Irving Louis Horowitz died last week. He was, among his many distinctions, the founding publisher of the journal I now edit, Academic Questions, and a key figure in helping the National Association of Scholars get off the ground 25 years ago. The New York Times published a slightly barbed obituary of him yesterday, quoting some of his detractors and raking up old disputes. Horowitz would probably have welcomed that send-off. He was a man who never hesitated to wade into controversy and did so with the joy of someone born to be an intellectual combatant. His many admirers have been paying tribute, including NAS’s founder, Steve Balch, and Horowitz’s Rutgers colleague Lionel Tiger. Interesting that both begin by referring to Horowitz as a “force of nature.” David Barash, writing on the Chronicle’s Brainstorm blog, alters the formula: “a brilliant and suitably stubborn social scientist.”

Irving was vivid. Wherever he went, whomever he met, he made his presence felt. And he was decisive. His last book, Hannah Arendt: Radical Conservative, which will now be published posthumously, was ignited by what he saw as a series of misguided attacks on Arendt, including Bernard Wasserstein’s “Blame the Victim: Hannah Arendt among the Nazis” in the October 2009 Times Literary Supplement and Sol Stern’s “Hannah Arendt and the Origins of Israelophobia,” in the Winter 2012 issue of City Journal. Horowitz’s first response to the attacks on Arendt appeared in First Things a few years ago, where he complained of “pygmies” who try to cut “heroic figures” down to size in “face-to-face combat with the dead.” But it is characteristic of Horowitz that the rhetorical wind-up is followed by straight intellectual argument. Arendt’s Big Idea was that totalitarianism, whether of the Nazi or the Stalinist variety, was all of one piece. Horowitz defends it with intellectual precision. And then, just as characteristically, returns to the indignation with which he began:

It was Arendt’s remarkable ability to face the double tradition from which she emerged with a sharp-eyed focus that characterizes much of her work: its generosity for the practice of democracy and her fierce determination to explain for herself as well as for others the failure of her former culture to endure despite its qualities. I would say that Hannah Arendt’s work, along with that of Primo Levi, brought to the surface the silence and even suppression of the Holocaust that gripped postwar Europe.

Another of Horowitz’s last works is an essay that we published in Academic Questions the week before his death. In “The Wealth of Nations and the Poverty of Analysts” he turns his attention to the prominent social scientists who visited Libya during Colonel Muammar Gaddafi’s regime at the dictator’s expense and then found ways to temporize with his brutality. Lord Anthony Giddens, Joseph Nye, and Benjamin Barber are hauled before Horowitz’s tribunal and made to repeat things they probably wish they had never said.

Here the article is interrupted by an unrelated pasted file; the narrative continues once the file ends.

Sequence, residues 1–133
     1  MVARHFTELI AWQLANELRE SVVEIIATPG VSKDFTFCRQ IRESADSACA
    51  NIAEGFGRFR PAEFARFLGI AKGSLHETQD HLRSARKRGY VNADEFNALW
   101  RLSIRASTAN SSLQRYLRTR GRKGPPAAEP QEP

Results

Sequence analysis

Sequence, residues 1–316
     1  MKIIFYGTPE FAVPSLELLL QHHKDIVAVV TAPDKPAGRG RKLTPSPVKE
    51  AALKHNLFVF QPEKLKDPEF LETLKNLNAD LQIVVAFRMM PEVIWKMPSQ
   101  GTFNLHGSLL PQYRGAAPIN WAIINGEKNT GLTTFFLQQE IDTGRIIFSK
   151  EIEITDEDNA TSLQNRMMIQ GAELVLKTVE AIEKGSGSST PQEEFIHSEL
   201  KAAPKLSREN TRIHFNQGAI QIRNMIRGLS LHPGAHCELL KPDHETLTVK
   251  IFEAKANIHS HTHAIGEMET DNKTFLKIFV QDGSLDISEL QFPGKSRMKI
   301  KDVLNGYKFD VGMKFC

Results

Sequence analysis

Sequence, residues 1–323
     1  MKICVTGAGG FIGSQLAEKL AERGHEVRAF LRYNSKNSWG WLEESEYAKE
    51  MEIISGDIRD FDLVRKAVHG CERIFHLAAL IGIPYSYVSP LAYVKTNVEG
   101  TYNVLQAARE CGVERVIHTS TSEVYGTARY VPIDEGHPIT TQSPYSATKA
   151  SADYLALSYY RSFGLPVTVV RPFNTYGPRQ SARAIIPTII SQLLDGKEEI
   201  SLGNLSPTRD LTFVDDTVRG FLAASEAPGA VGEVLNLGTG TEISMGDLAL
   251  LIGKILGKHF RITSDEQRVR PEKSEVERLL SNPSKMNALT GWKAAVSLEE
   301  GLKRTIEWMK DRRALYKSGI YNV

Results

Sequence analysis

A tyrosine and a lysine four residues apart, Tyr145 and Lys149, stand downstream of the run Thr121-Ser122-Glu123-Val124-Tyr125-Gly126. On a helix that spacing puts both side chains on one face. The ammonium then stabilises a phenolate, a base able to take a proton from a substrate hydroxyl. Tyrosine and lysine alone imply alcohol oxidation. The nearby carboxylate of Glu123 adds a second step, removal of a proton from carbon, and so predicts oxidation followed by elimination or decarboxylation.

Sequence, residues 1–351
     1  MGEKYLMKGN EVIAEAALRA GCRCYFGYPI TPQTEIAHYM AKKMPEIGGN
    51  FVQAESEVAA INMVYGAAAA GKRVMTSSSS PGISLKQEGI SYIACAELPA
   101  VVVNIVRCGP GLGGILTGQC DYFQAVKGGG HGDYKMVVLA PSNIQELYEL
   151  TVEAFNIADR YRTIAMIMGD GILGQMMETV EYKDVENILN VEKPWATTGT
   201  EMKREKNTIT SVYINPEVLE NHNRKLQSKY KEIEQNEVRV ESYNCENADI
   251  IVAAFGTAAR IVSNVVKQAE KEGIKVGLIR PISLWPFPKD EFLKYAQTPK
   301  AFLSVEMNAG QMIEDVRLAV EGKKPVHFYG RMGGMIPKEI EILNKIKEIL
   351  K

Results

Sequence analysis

He has another essay in press taking umbrage at how Penn State treated football coach Joe Paterno.

My acquaintance with Irving was relatively short but—again characteristically—vivid. We had lunch several times and talked about the journal, ideas, and politics, and he wrote me encouraging letters. He was a figure in my life, however, for a lot longer than our actual acquaintanceship. I subscribed to his journal, Transaction, when I was a junior in high school. The journal was brand new and I was brand new both to intellectual journals and to social science. It was heady stuff. Some adults regret having thrown away their collections of Spiderman comics from the 60s. I wish I had held onto those powerful issues of Transaction. As it happened, I grew up to publish articles of my own in Transaction, under its later name, Society. Something stuck.

In the 1990s, I wrote a book manuscript that I tentatively titled with a nautical metaphor, Rough Drafts in Higher Education. I hopefully submitted it to Horowitz who promptly wrote back, “When do I get to see the finished draft?” I set that manuscript aside.


I crossed paths with him a few more times, once at a conference where he made a scene. He was passionate about the proper uses of the social sciences and didn’t brook intellectual tomfoolery.

But my most important Horowitzian moment came when a prominent European social scientist took umbrage at the inclusion in a book of an essay I had written about the sustainability movement. As high as the barriers of political correctness are on this issue in the U.S., they are higher still on the Continent. The scholar in question declared he would withdraw his own paper and urge all his colleagues to do the same if Horowitz didn’t excise my offending contribution.

He didn’t.